An ornithopter (from Greek ornithos "bird" and pteron "wing") is an aircraft that flies by flapping its wings.
Panhard is a French manufacturer of light tactical and military vehicles.
Paris is the capital and most populous city of France, with an area of and a population of 2,206,488.
Patrick Young Alexander (28 March 1867 – 7 July 1943) was a British aeronautical pioneer fascinated by the possibility of heavier-than-air flight.
The Pertuisane class (sometimes referred to as the Rochefortais class as they were all build in Rochefort) was a group of four destroyers built for the French Navy in the first decade of the 20th century.
The Pyrenees (Pirineos, Pyrénées, Pirineus, Pirineus, Pirenèus, Pirinioak) is a range of mountains in southwest Europe that forms a natural border between Spain and France.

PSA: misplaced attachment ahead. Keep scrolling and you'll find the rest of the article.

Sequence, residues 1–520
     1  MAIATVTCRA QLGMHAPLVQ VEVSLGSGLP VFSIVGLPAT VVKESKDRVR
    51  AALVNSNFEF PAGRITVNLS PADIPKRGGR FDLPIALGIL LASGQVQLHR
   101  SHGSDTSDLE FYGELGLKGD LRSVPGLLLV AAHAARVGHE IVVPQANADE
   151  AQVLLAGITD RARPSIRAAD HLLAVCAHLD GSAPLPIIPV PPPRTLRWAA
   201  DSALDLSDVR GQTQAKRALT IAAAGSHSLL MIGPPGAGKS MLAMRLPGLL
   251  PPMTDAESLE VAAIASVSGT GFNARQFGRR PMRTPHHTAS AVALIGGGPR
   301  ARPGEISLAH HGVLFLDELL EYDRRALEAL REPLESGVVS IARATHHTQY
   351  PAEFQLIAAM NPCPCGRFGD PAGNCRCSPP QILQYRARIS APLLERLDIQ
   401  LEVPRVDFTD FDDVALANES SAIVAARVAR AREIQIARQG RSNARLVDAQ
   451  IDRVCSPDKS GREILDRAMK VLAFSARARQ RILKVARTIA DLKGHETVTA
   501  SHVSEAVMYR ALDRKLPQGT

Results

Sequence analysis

Reims (also spelled Rheims), a city in the Grand Est region of France, lies east-northeast of Paris.
Groupe Renault is a French multinational automobile manufacturer established in 1899.
The rings of Saturn are the most extensive ring system of any planet in the Solar System.
Rivendell Bicycle Works is a producer of lugged steel bicycle frames, located in Walnut Creek, California, United States.
Robert Albert Charles Esnault-Pelterie (November 8, 1881 – December 6, 1957) was a pioneering French aircraft designer and spaceflight theorist.
Romania (România) is a sovereign state located at the crossroads of Central, Eastern, and Southeastern Europe.
Sangatte is a commune in the Pas-de-Calais department on the northern coast of France on the English Channel.
The 14-bis (Quatorze-bis), also known as Oiseau de proie ("bird of prey" in French), was a pioneer era canard biplane designed and built by Brazilian aviation pioneer Alberto Santos-Dumont.
In France, secondary education is in two stages.
A sett, usually referred to in the plural and known in some places as a Belgian block or sampietrino, is a broadly rectangular quarried stone used for paving roads.